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Contracts Introduction Chapter Notes

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by: Amber Sharpnack

Contracts Introduction Chapter Notes PLA 3428

Marketplace > Florida Gulf Coast University > PLA 3428 > Contracts Introduction Chapter Notes
Amber Sharpnack
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About this Document

These notes brief the chapter that needed to be read for the homework assignments. I have also added the questions required for the homework assignment.
Professor Paul Asfour
Class Notes
contracts, Law, CommonLaw, breach, damages




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This 4 page Class Notes was uploaded by Amber Sharpnack on Tuesday August 9, 2016. The Class Notes belongs to PLA 3428 at Florida Gulf Coast University taught by Professor Paul Asfour in Fall 2016. Since its upload, it has received 19 views.


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Date Created: 08/09/16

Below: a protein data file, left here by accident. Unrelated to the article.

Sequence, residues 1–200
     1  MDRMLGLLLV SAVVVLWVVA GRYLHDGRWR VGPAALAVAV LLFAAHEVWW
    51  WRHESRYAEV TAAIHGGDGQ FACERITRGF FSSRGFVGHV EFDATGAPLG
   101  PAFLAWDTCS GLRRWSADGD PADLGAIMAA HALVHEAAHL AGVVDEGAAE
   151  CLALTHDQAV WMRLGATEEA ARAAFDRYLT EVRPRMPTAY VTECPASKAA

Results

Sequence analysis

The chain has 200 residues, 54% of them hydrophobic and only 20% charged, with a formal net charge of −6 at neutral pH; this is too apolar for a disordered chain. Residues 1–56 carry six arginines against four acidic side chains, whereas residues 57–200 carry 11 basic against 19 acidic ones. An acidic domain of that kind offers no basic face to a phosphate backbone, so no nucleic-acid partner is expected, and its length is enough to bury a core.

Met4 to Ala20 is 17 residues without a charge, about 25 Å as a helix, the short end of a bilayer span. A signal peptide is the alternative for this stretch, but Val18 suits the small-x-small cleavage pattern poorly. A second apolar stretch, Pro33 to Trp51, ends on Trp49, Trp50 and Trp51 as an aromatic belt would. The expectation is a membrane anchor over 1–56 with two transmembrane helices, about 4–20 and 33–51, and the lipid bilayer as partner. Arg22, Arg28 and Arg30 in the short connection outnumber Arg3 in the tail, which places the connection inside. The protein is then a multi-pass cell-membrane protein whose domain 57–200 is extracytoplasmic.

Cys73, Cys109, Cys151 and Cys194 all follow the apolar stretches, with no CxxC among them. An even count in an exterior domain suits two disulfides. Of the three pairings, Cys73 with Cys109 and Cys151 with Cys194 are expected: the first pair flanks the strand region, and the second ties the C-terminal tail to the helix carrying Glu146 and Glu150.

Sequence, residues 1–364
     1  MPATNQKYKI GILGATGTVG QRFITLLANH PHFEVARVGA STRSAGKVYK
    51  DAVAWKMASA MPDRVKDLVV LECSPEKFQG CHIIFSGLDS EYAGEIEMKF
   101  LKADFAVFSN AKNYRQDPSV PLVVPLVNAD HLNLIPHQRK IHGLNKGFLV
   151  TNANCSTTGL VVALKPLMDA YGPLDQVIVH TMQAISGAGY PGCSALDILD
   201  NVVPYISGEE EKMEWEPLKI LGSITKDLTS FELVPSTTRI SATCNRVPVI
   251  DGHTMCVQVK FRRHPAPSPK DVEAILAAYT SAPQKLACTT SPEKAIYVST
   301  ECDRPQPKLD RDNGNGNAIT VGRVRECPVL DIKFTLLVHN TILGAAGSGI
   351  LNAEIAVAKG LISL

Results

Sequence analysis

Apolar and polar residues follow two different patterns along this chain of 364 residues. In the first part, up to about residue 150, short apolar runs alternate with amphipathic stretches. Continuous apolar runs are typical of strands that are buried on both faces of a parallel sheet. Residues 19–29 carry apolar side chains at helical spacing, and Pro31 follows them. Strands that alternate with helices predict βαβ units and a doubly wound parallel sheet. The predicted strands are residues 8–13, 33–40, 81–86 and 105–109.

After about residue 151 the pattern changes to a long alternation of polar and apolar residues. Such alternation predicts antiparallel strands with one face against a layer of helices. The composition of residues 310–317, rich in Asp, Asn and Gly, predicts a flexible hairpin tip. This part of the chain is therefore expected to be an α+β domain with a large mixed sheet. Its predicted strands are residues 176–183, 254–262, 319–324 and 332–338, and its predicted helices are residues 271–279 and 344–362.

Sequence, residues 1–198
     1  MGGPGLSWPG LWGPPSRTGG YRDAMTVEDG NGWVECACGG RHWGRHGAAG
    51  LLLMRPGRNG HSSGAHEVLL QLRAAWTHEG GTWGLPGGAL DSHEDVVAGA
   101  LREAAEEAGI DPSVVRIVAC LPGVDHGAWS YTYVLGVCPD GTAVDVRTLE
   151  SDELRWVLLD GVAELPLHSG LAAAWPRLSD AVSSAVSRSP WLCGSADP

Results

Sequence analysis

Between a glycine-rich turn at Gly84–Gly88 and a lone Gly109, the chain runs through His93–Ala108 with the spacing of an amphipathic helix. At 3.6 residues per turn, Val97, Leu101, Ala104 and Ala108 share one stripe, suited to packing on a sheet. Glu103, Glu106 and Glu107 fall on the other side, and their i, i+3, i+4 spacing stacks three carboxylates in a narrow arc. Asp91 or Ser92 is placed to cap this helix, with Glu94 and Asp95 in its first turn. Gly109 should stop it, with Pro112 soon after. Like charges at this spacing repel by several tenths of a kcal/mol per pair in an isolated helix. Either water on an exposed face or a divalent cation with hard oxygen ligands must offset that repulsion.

Contracts PLA 3428 – CRN 80818 Professor Paul Asfour Introduction “Review this section as you work through the rest of the book, it will help keep an analytical process firmly in mind.” Six Steps for analyzing the law of contracts: 1. Determining the Applicable Law (Choice of Law) 2. Contract Formation 3. Contract Enforceability 4. Plaintiff’s Allegation of Defendant’s Breach of Contracts 5. Defendant’s Response to the Allegations 6. Plaintiff’s Remedies for Breach *page 2 Breach of Contract Roadmap Step 1: Determining the Applicable Law Choice of law: determination of which law applies where more than one state is involved in a transaction, where conflicting laws exist within a state, or where federal law may preempt state law. Interstate Transaction: spanning several states; also known as multistate transaction. Uniform Commercial Code: comprehensive compilation of rules drafted by the American Law Institute & National Conference of Commissioners on Uniform State Laws that includes a number of topics which becomes the law of a given state upon enactment by legislature & governor signature. Common Law: the body of law & jurisprudential theory; derived from customs, usage, and judicial decisions recognizing and enforcing custom and usage. Step 2: Contract Formation Offer: manifestation of willingness to enter into a bargain, which justifies another person in understanding that their assent to that bargain is invited & will conclude it. Offeror: the party who extends an offer. Offeree: the party who accepts the offer. Offer for a Bilateral Contract: offeror makes a promise to entice the offeree to make a promise. (A promise for a promise). Offer for a Unilateral Contract: offeror makes a promise to entice the offeree to perform. (A promise for a performance). Consideration: consideration for the promisor’s promise & consideration for the promisee’s promise.  Performance consideration is the “price” sought by the promisor for their promise.  A contract has 2 considerations.  An offer is a promise for consideration. Acceptance: offeree’s manifestation of assent to the terms of the offer. Step 3: Contract Enforceability *Focus shifts from freedom of contract formation to government regulation. Recission: the abrogation of the contract; usually involves returning the parties to their pre-contract positions.  Abrogation: termination; cancellation.  This happens once a contract has already been formed. Reformation: judicial remedy designed to revise a writing to conform to the real agreement of intention of the parties. Step 4: Plaintiff’s Allegation of Defendant’s Breach of Contract Promisor: the party who makes the promise. Promisee: the party to whom a promise is made. Step 5: Defendant’s Response to the Plaintiff’s Allegation of Breach No Breach-Compliance: the defendant responds to the plaintiff’s allegations of breach. No Breach-Excuse: the defendant responds to the plaintiff’s allegations of breach stating, “although I am not complying with the terms of the contract, my nonperformance was excused, and therefore I have not breached.” No Breach-Justification: the defendant responds to the plaintiff’s allegations of breach stating, “although I am not complying with the terms of the contract, my nonperformance was justified by your breach of contract, and therefore I have not breached.” No Breach-Terminated Duty: the defendant responds to the plaintiff’s allegations of breach stating, “although I am not complying with the terms of the contract, my duty to perform the contract has been terminated, and therefore I have not breached.” Accord: a contract to pay a stated amount in order to discharge a prior obligation that is uncertain to its existence or amount. Satisfaction (performance) of the accord contract is required before the duties under the original contract are terminated. Satisfaction: the performance of the accord contract. Once the accord contract has been performed, the original contractual duties are terminated. Release: the intentional relinquishment of a right. Statute of Limitations: provides for a specified period of time within which a cause of action must be brought. Cause of Action: the theory upon which relief should be granted. Should be distinguished from the remedy sought if the cause of action could be maintained. Remedy: the relief sought if a cause of action can be maintained. Step 6: Plaintiff’s Remedies for the Defendant’s Breach of Contract Expectation Interest: protecting the nonbreaching party’s expectation interest places them in the position they would have been had the contract been fully performed. Damages: compensation awarded by a court to a party who has suffered loss or injury to rights or property. Specific performance: a remedy whereby a court directs a party to do a specific act. Injunction: an order to a party to refrain from a specific act. Reliance Interest: protecting the nonbreaching party’s reliance interest places them back to the position they were in prior to relying on the breaching parties’ promise. Restitution Interest: protecting the nonbreaching party’s restitution interest places the breaching party back to the position they were in prior to receiving the benefit conferred upon them by the nonbreaching party. Third-Party Beneficiary: who will be benefited by the performance of a conract.  Donee, creditor, or incidental beneficiary.  Incidental beneficiary has no enforceable rights. Assignment: the transfer of a contractual right. Delegation: the empowering of another by the obligor to perform the obligor’s contractual duty. Back of Chapter Questions for Assignment: Fill in the Blanks: 12. Protecting the nonbreaching party’s “_______” places that party in as good a position as if both parties had fully performed the contact according to its terms. 13. Protecting the nonbreaching party’s “_______” places that party in the position that he or she was in before relying on the other’s promise. 14. Protecting the nonbreaching party’s “_________” places the breaching party in the position he or she was in before receiving the benefit. Short Answer: 2. List four different settings in which a choice of law question may arise. 3. List the elements that constitute an offer for a bilateral contract. 4. Distinguish an offer for a bilateral contract from an offer for a unilateral contract. 6. List the elements that constitute an acceptance for a bilateral contract. 7. List four events that could occur between the offer and the attempted acceptance that would render the attempted acceptance ineffective. 8. The legislature of the judiciary may seek to protect what three categories of policy grounds by precluding the enforcement of a contract?